— “The alternative has to be able to be used in parallel with the consumer’s existing solution rather than require the consumer to abandon his/her current solution and all the financial, emotional, and intellectual investment in that solution.” An OK hit here — except for all those folks with devices that don’t have (and probably never will have) microSD slots.

— “The alternative needs to expand in utility and functionality, and decrease in cost, until the user is willing to let go of his/her prior solution.” Again, and per John’s comments, it’s hard to see how individual albums on microSD cards will be better, cheaper, and more functional than DDM.

Now let’s talk about movies. Even though Blu-Ray has won the Blu-Ray/HD-DVD war, it has not prospered (see also here and here) — as I predicted over two years ago — against plain ol’ DVD and supporting technologies (DVR, digital downloads). Meanwhile, the Flash Video [FV] format I proposed in that same article — using solid-state distribution of movies, much like the slotMusic — continues to make sense. Here are the reasons why:

— Digital downloading of music is already the supplanting technology for compact discs. The slotMusic format is too little (so to speak) and too late. By contrast, digital downloading of video is still slow, uncertain, usually lower in resolution than what you get off of a normal DVD, and frequently a pain.

— As John notes in his reporting, you are no longer compelled to buy an entire album; just the few songs you want. On the other hand, you seldom want to buy or watch just a few scenes out of a movie.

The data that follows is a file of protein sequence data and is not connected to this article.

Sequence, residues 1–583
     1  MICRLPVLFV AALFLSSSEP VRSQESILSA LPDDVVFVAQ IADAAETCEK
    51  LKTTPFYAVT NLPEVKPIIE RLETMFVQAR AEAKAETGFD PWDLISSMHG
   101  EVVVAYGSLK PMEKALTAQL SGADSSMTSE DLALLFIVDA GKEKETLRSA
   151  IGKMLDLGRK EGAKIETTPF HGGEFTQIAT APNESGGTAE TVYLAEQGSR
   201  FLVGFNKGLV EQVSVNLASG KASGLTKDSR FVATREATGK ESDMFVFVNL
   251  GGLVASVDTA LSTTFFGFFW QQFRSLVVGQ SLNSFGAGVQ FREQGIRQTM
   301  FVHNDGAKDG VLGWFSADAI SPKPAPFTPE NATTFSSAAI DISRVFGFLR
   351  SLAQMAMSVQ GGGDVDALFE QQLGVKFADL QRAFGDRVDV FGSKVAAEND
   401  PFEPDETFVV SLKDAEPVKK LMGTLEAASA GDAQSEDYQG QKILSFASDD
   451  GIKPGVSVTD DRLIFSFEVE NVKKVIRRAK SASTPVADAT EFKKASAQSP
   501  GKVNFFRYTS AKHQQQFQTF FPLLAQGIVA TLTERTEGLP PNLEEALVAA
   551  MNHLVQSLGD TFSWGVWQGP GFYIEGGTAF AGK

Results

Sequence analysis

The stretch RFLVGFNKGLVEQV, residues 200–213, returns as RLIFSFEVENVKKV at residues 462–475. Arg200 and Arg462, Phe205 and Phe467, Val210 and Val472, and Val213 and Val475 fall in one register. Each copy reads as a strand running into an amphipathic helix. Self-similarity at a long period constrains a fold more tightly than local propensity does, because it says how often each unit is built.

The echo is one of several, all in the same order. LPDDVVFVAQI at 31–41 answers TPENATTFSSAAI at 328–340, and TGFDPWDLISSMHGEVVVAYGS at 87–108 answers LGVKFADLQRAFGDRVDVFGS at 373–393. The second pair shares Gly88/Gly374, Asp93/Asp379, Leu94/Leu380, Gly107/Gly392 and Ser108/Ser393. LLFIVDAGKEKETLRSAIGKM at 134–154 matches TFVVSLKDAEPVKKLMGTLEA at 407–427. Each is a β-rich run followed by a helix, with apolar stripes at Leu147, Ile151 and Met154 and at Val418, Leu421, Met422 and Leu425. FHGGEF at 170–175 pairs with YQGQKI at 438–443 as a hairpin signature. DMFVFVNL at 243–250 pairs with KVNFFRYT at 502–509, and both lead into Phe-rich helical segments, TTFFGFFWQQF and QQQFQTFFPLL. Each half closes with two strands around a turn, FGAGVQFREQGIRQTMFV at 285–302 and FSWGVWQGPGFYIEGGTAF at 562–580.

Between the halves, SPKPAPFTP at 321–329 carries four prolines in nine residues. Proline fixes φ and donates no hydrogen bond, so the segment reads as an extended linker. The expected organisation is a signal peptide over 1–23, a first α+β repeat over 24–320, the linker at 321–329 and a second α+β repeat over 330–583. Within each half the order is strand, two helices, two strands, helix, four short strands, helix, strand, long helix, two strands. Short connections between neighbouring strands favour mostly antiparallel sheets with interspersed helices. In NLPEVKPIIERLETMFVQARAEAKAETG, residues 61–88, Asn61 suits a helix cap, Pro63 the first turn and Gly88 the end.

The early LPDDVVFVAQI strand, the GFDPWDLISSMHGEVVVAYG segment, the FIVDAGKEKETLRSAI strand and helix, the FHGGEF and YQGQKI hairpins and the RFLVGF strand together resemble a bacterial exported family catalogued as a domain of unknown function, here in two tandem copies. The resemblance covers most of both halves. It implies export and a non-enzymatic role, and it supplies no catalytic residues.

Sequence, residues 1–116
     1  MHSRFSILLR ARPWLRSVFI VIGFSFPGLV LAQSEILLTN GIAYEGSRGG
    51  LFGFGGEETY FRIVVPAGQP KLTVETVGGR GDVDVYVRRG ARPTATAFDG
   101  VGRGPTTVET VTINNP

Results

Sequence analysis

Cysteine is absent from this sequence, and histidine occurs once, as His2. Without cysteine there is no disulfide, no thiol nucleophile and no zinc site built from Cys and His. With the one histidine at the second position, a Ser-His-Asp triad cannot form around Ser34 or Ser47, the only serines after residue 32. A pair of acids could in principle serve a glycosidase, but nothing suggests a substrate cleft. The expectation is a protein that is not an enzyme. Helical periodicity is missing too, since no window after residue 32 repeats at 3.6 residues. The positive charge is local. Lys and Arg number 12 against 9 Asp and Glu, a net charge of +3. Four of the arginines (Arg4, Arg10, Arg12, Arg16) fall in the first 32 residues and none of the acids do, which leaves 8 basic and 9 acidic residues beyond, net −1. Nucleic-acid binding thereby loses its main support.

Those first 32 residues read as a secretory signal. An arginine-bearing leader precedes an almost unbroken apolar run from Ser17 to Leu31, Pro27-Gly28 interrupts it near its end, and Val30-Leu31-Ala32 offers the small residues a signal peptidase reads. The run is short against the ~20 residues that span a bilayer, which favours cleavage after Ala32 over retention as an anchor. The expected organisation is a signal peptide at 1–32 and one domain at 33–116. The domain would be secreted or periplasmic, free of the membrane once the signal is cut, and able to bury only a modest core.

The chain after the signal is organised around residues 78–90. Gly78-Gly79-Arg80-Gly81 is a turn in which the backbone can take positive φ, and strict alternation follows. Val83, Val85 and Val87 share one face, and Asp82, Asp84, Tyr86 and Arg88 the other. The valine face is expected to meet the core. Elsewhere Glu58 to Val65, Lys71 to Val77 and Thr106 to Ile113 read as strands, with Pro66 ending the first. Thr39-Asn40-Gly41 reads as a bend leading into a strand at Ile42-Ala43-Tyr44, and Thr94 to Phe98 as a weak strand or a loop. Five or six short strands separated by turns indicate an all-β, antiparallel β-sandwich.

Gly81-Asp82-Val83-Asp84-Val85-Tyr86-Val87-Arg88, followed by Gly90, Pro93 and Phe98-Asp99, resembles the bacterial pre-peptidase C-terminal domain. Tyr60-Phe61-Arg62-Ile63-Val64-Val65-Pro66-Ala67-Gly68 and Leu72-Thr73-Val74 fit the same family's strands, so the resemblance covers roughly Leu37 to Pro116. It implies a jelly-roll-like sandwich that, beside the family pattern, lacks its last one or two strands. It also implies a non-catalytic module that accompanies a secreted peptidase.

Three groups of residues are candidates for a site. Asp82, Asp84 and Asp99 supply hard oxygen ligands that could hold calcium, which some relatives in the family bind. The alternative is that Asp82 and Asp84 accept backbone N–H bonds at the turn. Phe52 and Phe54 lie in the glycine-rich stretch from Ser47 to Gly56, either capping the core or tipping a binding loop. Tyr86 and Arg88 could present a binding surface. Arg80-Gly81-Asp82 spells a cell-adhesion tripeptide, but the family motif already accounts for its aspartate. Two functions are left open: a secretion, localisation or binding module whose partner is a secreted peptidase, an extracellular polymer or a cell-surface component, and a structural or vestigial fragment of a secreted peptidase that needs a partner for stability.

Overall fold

— Tied into the last two points is the relative size of the files involved; individual songs typically run 1 to 15 megabytes (MB), whereas individual movies are roughly a thousand times larger (measured in gigabytes). This is why digital downloading of movies is a much less pleasant experience. And the push into high-definition, high-resolution video is only increasing that bandwidth issue.

Still, the question remains whether digital downloading of high-res/high-def movies will become sufficiently easy before a Flash Video format becomes technologically feasible. The good news for FV is that that the cost/storage curve is dropping far more rapidly that Moore’s Law (halving every 18 months) would predict. When I wrote my original post in July 2006, a 2GB SD card cost $90; you can now buy one retail for $10 to $15, a 6x to 9x drop in price (which, by Moore’s law, shouldn’t have happened for a few more years). So a FV card with 4GB of read-only solid state memory should be economically feasble within the next year or two.

It will be interesting to see if it happens.  ..bruce..

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Category: Information Technology, Main

About the Author ()

Webster is Principal and Founder at Bruce F. Webster & Associates, as well as an Adjunct Professor of Computer Science at Brigham Young University. He works with organizations to help them with troubled or failed information technology (IT) projects. He has also worked in several dozen legal cases as a consultant and as a testifying expert, both in the United States and Japan. He can be reached at bwebster@bfwa.com, or you can follow him on Twitter as @bfwebster.